NEW YORK -- Chevron's net income fell 4.5 percent in the first quarter as oil prices fell and refinery output fell.
Chevron, the second largest U.S. oil company, has seen better profit margins than the other energy majors in recent years because a big part of its production mix is oil, which has been fetching high prices. Rivals, such as Exxon Mobil Corp. (XOM), produce more natural gas in the U.S, where gas prices have been low.
But crude prices fell across the globe in the first quarter of this year, compared with the same period last year, reducing Chevron's revenue and profit.
Chevron Corp. (CVX), based in San Ramon, Calif., reported Friday that net income fell to $6.18 billion, or $3.18 a share, on revenue of $56.82 billion. Last year the company earned $6.47 billion, or $3.27 a share, on revenue of $60.71 billion.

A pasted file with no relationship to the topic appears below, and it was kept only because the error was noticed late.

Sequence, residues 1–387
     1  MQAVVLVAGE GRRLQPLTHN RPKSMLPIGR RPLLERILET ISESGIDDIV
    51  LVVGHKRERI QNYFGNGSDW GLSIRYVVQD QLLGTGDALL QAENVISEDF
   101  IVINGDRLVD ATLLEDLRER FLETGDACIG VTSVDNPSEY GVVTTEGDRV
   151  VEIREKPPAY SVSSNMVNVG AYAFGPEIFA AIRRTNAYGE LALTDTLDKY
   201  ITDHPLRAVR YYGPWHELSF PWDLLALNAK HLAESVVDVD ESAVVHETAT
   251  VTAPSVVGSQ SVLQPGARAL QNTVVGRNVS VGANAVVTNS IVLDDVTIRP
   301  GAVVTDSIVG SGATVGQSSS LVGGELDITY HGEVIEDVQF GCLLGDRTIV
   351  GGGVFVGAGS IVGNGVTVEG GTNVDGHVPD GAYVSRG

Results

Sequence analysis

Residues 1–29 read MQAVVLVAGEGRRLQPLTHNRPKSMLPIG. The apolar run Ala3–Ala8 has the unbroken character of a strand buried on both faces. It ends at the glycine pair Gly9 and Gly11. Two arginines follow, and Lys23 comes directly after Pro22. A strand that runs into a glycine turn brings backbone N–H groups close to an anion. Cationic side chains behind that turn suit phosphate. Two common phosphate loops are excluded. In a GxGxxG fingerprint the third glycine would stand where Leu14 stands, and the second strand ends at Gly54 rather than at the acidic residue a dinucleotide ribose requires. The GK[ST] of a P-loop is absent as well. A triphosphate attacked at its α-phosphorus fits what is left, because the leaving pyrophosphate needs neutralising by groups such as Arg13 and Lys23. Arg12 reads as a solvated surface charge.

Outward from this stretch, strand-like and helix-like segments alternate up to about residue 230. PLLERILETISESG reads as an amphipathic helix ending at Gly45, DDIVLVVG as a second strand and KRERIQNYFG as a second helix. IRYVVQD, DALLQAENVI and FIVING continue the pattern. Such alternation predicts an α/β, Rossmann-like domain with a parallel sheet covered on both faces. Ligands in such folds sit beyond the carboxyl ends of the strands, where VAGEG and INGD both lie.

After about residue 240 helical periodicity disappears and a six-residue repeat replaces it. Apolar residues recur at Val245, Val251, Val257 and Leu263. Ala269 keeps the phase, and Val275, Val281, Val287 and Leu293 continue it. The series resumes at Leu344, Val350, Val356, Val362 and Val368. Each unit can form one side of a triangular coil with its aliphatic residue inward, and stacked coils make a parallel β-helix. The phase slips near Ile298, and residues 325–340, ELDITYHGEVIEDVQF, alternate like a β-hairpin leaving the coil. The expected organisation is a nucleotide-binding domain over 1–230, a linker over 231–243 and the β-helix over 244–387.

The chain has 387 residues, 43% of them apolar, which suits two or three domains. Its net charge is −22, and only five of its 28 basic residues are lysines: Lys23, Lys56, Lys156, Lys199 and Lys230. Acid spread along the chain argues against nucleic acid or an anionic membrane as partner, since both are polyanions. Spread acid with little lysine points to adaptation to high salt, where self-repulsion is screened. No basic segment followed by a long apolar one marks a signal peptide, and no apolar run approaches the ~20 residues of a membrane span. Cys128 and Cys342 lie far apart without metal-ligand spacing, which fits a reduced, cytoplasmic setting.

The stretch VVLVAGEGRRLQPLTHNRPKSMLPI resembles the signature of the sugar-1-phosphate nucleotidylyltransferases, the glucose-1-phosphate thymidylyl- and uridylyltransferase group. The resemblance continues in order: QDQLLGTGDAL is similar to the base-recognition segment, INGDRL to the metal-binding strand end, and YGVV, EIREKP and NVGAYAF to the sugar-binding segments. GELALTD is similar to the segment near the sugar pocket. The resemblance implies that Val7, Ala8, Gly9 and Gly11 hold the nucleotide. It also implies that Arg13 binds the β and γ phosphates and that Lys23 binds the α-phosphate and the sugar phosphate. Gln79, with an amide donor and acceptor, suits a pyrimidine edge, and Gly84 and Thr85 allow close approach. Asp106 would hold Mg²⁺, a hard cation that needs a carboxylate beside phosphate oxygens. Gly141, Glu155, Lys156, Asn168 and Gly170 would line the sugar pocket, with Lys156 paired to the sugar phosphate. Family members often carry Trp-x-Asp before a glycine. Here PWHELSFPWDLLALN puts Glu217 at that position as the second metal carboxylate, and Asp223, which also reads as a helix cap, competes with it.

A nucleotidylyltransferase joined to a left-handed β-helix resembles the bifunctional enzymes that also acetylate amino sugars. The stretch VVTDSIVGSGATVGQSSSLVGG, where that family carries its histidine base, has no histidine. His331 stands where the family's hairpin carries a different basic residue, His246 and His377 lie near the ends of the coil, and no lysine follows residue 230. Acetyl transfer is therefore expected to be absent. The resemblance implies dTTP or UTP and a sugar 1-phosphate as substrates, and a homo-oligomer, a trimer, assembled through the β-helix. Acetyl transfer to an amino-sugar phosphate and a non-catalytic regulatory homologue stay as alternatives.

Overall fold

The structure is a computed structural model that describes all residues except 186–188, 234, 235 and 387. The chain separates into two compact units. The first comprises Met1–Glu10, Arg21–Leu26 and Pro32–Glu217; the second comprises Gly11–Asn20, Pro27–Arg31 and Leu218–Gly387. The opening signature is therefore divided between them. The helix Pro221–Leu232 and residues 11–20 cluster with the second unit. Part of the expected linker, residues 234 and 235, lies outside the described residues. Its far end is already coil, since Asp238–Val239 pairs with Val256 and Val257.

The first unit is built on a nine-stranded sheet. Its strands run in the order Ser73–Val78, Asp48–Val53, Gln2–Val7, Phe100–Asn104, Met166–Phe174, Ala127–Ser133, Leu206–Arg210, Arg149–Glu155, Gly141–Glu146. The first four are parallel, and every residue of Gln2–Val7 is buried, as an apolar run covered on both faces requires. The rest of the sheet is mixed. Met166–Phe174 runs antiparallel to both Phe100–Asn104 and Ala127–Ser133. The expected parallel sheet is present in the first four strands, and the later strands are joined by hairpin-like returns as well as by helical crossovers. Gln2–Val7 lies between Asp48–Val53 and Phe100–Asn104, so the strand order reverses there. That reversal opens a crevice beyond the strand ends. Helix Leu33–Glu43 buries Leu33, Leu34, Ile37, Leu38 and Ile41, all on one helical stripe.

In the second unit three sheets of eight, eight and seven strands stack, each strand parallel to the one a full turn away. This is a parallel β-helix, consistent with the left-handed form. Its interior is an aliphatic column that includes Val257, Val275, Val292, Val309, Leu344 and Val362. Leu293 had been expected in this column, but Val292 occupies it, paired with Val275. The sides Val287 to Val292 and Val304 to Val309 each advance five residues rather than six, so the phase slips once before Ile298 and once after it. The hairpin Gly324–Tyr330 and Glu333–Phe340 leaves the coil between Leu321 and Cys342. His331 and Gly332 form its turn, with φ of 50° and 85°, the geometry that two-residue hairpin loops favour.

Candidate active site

The profit exceeded analysts' average forecast of $3.09 a share. Shares rose 40 cents to $118.91 in early trading.
Chevron's production of oil and gas rose slightly in the quarter, to 2.65 million barrels per day of oil and gas from 2.63 million barrels per day.
But Chevron's average sale price for a barrel of oil slipped to $94 from $102 last year in the U.S., and to $102 from $110 abroad. Natural gas prices edged up around the world, but not enough to offset the decline in oil prices.
Performance at Chevron's refining operations slipped because of maintenance and upgrades at refineries in El Segundo, Calif. and Pascagoula, Miss. and continued repairs at its Richmond Calif. refinery in the wake of an August fire.
Refinery output fell 38 percent to 576,000 barrels per day.
Brian Youngberg, an analyst at Edward Jones, said Chevron's disappointing U.S. refining results were the only "hiccup" in an otherwise solid quarter.
(Updated at 9:51 a.m. ET)